Where polished wood lanes once stood one right after the other, and the familiar sound of crashing pins could be heard night after night, an oval track has taken its place.
From within the remodeled bowling alley, the whirring of wheels across concrete fills the air alongside cheers from a dynamic group of women, known as the South Bend Roller Girls, set on making a name for themselves in the female-dominated world of roller derby.
When many people hear the term “roller derby,” they can’t help but think of the theatrical performances of women on roller skates wearing tutus and fishnet stockings. Although this flashiness is where the sport got its start in the 1960s, that’s no longer the case. As a result of a revival that began in Austin, Texas in 2001, roller derby has evolved into a competitive sport with a larger focus on athleticism — and a bit of face paint every now and again.
It was a simple post on social media that got the wheels turning for the South Bend Roller Girls in 2010, resulting in more than 100 people showing up for an initial meet and greet. While a full charter for a team consists of 20 players, with 14 on the roster for any one game, other interested parties became coaches, officials and volunteers.
Kimberlee Johnson, better known by her derby name, Captain Beefstock, is a founding member of the South Bend derby team, originally drawn to the sport because of her love for skating.
“I had no idea what it was all about when I first started but I’ve really come to love everything the game offers,” Kimberlee says.
A personal trainer during the day, Kimberlee says it is almost like taking on a new persona as she laces up her roller skates and hits the track. However, teamwork isn’t something that came naturally, as much of her athletic career consisted of solo sports such as running track.
“This group of women is more of a family than a team,” she says. “A lot of women join the team simply to try something new and meet other people. Everyone gets something different out of the sport but we’re always there to build one another up and make each other better.”
On the track
In a game, each team consists of one jammer and four blockers who make up the pack. As they skate around the flat, oval track, the goal of the jammers is to break through the blockers and lap the other team, scoring points for each opponent they pass. Play is broken up into two 30-minute periods, each consisting of smaller units of play called “jams,” which last up to two minutes. There are 30 seconds between each jam.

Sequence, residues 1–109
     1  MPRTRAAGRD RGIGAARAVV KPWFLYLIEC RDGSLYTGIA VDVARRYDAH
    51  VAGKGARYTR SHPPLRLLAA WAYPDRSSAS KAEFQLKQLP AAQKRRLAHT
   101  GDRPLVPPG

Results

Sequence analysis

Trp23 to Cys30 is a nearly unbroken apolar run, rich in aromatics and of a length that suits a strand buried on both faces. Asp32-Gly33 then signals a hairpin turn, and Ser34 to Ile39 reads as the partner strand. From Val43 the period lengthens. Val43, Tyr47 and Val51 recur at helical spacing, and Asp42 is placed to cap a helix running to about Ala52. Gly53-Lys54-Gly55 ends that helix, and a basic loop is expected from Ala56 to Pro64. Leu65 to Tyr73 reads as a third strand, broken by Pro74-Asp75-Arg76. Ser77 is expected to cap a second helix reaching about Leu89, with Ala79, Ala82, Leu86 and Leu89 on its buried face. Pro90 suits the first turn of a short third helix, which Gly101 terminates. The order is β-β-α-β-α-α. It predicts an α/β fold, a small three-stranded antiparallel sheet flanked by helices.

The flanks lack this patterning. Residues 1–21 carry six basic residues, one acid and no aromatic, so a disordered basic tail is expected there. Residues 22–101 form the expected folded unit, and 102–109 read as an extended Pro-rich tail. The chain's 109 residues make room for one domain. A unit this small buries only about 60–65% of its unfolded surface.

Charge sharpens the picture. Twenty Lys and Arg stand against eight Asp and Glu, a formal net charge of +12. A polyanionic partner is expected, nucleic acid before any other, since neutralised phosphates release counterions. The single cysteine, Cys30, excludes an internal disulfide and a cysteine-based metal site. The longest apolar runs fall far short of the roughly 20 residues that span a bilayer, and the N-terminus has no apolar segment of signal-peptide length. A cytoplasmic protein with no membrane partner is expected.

“It’s very fast paced and each game is different so it offers a lot of excitement,” Kimberlee says. “I still think a lot of people are surprised by the physicality of it all. Even though it’s a full-contact sport, the focus is not about hurting other players. We ensure everyone is following the proper guidelines and playing professionally while remaining competitive.”
Luckily, Roller Girls don’t have to be athletes or even know how to skate to join. Each year, the team hosts a six-week “Derby 101” workshop, during which participants get a crash course in all aspects of the game, from skating, to hitting properly and even how to fall safely.
Over the years, women of all ages and professions have laced up their skates and strapped on a helmet for the South Bend Roller Girls, including those as young as 18 and one member who just turned 50 this year.
In addition to the group’s mission of empowering female athletes, they also place a large focus on contributing to the local community.
“We really pride ourselves on having a large presence in our community through volunteering and supporting local charities with profits raised from ticket sales at games,” Kimberlee says.
The sport also provides an exciting and competitive outlet for fans with anywhere from 200 to 700 in attendance at each game.
“Many fans are surprised to see the level of energy and excitement in front of them,” Kimberlee says. “Ten women on the track putting their full bodies and maximum effort into the sport — it really is an incredible sight to see.”
In addition to practicing two nights a week, the team’s home season runs from May to August with one to two games per month against other area teams. This summer will bring two home games to South Bend at the Century Center on July 15 and Aug. 21.
The derby girls are always looking for new talent to roll their way in the form of skaters and volunteers who assist with officiating, ticket sales, security and running the scoreboard, among other jobs.
For more information on an upcoming “Derby 101” workshop, or for a complete schedule of games, email firstname.lastname@example.org.